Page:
Software Architecture

# Playing with Macros

For somebody with experience with Lisp of functional programming, all this will seem trivial. But I needed to refresh all this, so here  is the result of my small investigation of Clojure macro and how it relates to lazy evaluation and quoting. I also make a few test on the  difference between macro and functions.

First I started with a global variable, and a function that produces a side-effect (incrementing the value) and then return the value of the global variable. It is then trivial to see when stuff gets evaluated.
``` (def glob-1 10) (defn side-effect [] (do (def glob-1 (inc glob-1)) glob-1 ))```

Then to clearly see the difference between macro and function I defined these two ones:
``` (defmacro print-twice [exp] `(do (side-effect)(println ~exp)(println ~exp))) (defn print-twice-2 [exp] (do (side-effect)(println exp)(println exp)))```

Here is the result of the macro:

```(print-twice glob-1) "11 11" (print-twice (side-effect))  "13 14" ```
We clearly see how the macro expands. In the 2nd call, the  side-effect is executed 3 times as expected. We can now try the function:
``` (print-twice-2 glob-1) "14 14" (print-twice-2 (side-effect)) "16 16"```

We see that `glob-1` is evalued before being passed to the function. As a consequence, 15 is never printed! The side-effect passed as parameter in the 2nd call is evaluated once, before the actual function is run.  After these two calls, `glob-1` has a value of 17.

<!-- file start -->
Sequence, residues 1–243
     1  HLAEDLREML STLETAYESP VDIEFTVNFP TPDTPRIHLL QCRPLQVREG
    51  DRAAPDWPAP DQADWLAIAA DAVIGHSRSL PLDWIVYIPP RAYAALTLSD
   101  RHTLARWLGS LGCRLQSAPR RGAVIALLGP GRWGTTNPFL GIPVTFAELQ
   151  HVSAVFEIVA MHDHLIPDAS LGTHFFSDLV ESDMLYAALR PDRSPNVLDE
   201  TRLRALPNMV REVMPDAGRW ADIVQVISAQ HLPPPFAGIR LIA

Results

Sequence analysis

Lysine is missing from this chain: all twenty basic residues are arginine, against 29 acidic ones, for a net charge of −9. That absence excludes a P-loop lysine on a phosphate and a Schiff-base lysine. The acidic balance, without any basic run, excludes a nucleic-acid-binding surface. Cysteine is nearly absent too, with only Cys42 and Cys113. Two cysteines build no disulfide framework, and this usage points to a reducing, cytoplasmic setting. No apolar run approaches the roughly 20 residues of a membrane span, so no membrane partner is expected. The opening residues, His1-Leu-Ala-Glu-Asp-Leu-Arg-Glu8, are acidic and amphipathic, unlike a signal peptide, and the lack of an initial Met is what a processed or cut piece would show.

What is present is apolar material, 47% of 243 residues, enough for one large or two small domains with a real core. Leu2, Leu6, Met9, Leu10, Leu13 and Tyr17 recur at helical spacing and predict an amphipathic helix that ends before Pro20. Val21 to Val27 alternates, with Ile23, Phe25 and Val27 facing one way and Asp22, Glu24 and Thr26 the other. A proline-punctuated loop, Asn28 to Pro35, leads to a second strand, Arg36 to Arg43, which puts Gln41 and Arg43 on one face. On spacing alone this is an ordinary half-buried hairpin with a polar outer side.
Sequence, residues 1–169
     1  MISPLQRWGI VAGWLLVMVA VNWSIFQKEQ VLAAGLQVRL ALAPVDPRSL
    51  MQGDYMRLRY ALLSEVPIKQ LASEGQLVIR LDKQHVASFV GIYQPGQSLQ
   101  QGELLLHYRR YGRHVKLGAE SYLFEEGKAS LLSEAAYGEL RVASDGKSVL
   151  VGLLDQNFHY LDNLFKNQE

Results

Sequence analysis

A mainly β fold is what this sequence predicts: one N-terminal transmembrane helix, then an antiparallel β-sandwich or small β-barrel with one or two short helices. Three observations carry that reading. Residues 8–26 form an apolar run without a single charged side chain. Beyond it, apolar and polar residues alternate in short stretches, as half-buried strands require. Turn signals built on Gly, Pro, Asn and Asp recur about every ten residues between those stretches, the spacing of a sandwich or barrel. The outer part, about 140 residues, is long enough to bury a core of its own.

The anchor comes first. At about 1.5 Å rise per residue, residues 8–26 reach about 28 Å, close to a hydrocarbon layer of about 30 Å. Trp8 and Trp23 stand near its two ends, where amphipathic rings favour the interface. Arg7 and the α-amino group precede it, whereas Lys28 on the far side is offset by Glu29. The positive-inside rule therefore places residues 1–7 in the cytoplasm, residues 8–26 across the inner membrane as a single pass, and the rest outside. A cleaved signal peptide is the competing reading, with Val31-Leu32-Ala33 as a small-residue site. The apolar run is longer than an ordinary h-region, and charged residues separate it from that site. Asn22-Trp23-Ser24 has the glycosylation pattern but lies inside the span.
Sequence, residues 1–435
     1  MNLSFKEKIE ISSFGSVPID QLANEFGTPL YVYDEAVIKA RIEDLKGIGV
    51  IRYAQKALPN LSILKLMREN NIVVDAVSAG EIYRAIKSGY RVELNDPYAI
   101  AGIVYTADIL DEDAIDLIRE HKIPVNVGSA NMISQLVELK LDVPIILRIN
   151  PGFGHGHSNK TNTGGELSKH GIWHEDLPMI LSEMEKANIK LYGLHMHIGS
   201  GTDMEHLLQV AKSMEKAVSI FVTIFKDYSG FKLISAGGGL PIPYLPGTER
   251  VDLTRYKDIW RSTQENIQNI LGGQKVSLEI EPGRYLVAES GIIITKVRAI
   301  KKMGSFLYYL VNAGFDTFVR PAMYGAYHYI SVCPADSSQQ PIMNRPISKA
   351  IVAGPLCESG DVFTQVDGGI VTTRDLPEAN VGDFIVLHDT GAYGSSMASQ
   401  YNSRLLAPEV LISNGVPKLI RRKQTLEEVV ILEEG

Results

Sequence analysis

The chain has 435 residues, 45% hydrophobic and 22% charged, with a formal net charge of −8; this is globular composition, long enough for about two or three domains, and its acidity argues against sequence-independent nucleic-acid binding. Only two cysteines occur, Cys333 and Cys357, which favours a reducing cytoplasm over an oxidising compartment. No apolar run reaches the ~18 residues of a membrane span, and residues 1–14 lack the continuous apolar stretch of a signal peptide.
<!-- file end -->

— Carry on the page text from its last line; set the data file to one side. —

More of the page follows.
To have a side-effect which doesn’t hard-code the reference to `glob-1`, we can turn it into a macro that takes a variable as parameter.

`(defmacro side-effect-1 [v] `(do (def ~v (inc ~v)) ~v ) )`

The result are (of course) then similar:

```(def glob-1 20) (print-twice glob-1) "21 21" (print-twice (side-effect-1 glob-1 ))  "23 24" (print-twice-2 glob-1) "24 24" (print-twice-2 (side-effect-1 glob-1 )) "26 26"```

OK, that’s great, but quasi-quoting isn’t limited to macro. I can also do it in a function.

`(defn print-twice-3 [exp] `(do (side-effect)(println ~exp)(println ~exp)))`

The result of this function is an expression. It needs to be evaluated to produce the actual result.
``` (def glob-1 30) (eval (print-twice-3 glob-1)) "30 30" (eval (print-twice-3 (side-effect))) "32 32"```

We clearly see here again that the semantic of the parameters is not the same between macro and function. The parameter `glob-1` is evaluated before being passed to the function, and as a consequence `~exp` expands twice to a literal value of 30, not the symbol `glob-1` as in a macro, and we don’t get “31 31” as we would with the macro. The same happens for the 2nd call.

EDIT

Other links related to macro and meta-programming: